The Future of Divorce Is Not in Court

The Future of Divorce Is Not in Court

If the Covid pandemic taught us anything, it’s that the way we always thought we had to do things may not be the only way. In fact, when it comes to the legal system, and in particular, family law, the old way of divorcing may not be the best way at all. The future of divorce will look very different from the past.

I believe the future of divorce is not in court. We’ve already seen a shift to Zoom hearings, and while at the start of the pandemic, it felt difficult and strange and not ideal, this necessary switch taught us that we can, in fact, find better ways to serve couples seeking to dissolve their marriages.

The future of divorce will happen outside the court room – photo by Headway on Unsplash

I don’t want to say that I’ve known this for a long time, but I have. Since I started practicing Collaborative Divorce, and as long as I’ve been a Mediator, I’ve seen firsthand that when a couple breaks up, the court system can’t look out for what’s best for them or their families.

By definition, a system needs to move people through quickly, and not necessarily efficiently or with an eye toward individual needs and circumstances. But a good attorney or legal team can.

Driven by the Insight Approach to Conflict Resolution, I approach Mediation with curiosity. This approach makes me more effective when there is conflict between divorcing parties. But instead of giving direction, I have learned to ask questions.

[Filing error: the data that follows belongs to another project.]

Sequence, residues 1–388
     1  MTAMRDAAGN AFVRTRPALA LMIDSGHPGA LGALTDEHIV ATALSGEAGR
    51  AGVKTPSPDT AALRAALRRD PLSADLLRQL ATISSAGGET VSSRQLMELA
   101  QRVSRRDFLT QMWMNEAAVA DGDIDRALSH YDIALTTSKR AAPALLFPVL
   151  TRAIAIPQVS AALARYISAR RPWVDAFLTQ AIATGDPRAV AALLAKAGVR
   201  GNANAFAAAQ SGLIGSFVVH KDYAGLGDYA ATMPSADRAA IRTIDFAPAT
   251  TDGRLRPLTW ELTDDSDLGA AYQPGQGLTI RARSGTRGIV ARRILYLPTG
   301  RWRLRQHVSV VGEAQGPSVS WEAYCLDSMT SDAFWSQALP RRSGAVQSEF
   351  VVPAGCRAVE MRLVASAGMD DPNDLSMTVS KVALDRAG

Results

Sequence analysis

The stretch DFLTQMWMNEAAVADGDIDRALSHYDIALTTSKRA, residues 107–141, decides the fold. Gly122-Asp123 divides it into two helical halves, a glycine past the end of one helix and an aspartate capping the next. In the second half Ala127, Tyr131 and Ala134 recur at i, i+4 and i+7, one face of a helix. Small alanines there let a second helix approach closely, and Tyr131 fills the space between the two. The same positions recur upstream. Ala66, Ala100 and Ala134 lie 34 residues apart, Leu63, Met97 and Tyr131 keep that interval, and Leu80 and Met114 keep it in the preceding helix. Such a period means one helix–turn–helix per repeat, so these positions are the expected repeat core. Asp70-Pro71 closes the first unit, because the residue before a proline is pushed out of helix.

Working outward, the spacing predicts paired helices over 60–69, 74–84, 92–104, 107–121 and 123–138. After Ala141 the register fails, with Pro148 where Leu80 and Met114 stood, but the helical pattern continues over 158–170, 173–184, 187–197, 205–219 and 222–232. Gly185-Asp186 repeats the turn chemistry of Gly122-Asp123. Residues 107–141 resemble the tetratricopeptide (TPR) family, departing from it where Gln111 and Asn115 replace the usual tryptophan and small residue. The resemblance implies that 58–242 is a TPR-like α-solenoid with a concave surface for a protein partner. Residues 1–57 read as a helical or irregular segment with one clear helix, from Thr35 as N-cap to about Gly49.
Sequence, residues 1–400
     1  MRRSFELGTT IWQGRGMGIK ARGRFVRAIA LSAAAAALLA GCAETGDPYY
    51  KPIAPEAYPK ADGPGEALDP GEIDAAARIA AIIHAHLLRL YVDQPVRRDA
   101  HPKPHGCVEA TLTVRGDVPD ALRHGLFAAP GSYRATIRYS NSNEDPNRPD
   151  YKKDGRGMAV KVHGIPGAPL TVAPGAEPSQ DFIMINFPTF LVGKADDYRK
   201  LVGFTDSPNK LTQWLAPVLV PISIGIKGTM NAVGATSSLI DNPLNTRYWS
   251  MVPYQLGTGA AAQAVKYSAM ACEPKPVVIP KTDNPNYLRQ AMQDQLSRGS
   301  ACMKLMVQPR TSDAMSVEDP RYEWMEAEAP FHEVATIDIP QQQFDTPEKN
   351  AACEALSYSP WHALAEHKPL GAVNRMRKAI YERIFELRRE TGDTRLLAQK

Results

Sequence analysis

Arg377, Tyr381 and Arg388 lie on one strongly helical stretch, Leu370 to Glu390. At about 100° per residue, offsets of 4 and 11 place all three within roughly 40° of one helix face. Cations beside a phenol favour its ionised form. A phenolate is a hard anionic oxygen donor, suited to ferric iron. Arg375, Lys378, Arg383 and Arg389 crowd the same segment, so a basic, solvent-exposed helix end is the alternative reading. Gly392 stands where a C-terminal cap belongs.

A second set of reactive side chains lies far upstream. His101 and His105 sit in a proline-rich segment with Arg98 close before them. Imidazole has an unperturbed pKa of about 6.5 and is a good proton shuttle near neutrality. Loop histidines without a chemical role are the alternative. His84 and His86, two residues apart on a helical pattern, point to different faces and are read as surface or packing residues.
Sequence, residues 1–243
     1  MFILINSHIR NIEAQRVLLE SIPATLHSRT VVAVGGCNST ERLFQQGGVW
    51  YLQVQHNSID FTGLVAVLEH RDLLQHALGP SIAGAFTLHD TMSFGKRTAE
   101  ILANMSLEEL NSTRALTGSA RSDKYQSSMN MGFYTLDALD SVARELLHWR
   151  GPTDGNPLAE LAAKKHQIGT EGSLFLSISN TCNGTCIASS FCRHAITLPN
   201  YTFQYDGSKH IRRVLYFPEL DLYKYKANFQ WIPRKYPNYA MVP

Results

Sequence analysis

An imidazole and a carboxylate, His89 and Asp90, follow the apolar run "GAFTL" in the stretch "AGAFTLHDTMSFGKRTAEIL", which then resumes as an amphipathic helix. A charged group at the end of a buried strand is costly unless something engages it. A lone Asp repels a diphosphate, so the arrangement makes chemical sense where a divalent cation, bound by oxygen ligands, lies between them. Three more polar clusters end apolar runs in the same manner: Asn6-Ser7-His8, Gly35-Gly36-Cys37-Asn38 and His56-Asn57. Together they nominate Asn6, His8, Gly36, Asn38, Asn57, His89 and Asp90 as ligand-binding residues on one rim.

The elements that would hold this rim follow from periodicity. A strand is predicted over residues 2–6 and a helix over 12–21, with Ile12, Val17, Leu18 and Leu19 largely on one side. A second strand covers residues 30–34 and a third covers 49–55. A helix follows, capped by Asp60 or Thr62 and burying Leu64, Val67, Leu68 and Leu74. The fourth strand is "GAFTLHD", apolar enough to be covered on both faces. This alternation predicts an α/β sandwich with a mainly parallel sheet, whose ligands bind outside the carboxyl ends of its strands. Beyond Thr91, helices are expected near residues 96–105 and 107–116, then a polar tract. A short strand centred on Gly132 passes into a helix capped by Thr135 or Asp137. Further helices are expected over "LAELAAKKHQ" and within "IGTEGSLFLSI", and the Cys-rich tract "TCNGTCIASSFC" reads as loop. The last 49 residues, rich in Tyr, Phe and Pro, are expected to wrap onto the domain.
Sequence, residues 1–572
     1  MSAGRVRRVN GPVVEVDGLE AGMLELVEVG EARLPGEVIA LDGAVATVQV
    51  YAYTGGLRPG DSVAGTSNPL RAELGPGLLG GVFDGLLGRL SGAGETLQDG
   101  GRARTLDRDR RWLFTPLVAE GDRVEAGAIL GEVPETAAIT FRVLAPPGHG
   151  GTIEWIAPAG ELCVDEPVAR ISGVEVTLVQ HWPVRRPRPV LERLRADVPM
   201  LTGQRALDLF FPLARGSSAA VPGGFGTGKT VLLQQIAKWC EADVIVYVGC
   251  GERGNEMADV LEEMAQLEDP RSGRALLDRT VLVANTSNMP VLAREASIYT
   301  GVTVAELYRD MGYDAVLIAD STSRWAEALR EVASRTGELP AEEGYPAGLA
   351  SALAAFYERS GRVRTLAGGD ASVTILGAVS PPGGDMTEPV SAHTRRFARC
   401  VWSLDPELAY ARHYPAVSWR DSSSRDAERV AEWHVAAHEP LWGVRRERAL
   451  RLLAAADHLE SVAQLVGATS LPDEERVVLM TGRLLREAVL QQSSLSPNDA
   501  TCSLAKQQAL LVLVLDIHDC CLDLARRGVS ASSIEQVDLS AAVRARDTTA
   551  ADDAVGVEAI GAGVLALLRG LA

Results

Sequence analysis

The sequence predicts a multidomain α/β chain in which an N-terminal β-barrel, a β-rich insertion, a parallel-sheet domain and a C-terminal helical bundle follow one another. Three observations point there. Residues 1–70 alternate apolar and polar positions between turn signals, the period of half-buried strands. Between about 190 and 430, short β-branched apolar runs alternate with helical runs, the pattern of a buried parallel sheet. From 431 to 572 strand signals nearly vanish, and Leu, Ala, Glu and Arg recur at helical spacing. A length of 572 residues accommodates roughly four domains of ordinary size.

The Insight Approach helps me educate and empower clients to help them evolve through the course of their divorce. It’s a more holistic approach, which might sound touchy-feely and hard to understand, but now I have tools to make it way more concrete.

The more I get involved in this approach, the more I see how different it is from how typical family law practitioners do divorce. From the beginning with a client, I talk to them from a place of curiosity, so their experience is going to be different from the start all the way through the completion of their divorce.

Another tool that my Transitions Legal team employs with our clients is the Our Family in Two Homes workbook, which we give to every client before they begin their divorce to help them articulate their values and goals.

If you start with their values and concerns and ask questions that help reflect on their partner’s values and concerns, you can help divorcing clients change the narrative of their past, skip the arguing part and move on to their future. Doing the work beforehand helps me guide clients to the outcome they’re happy with.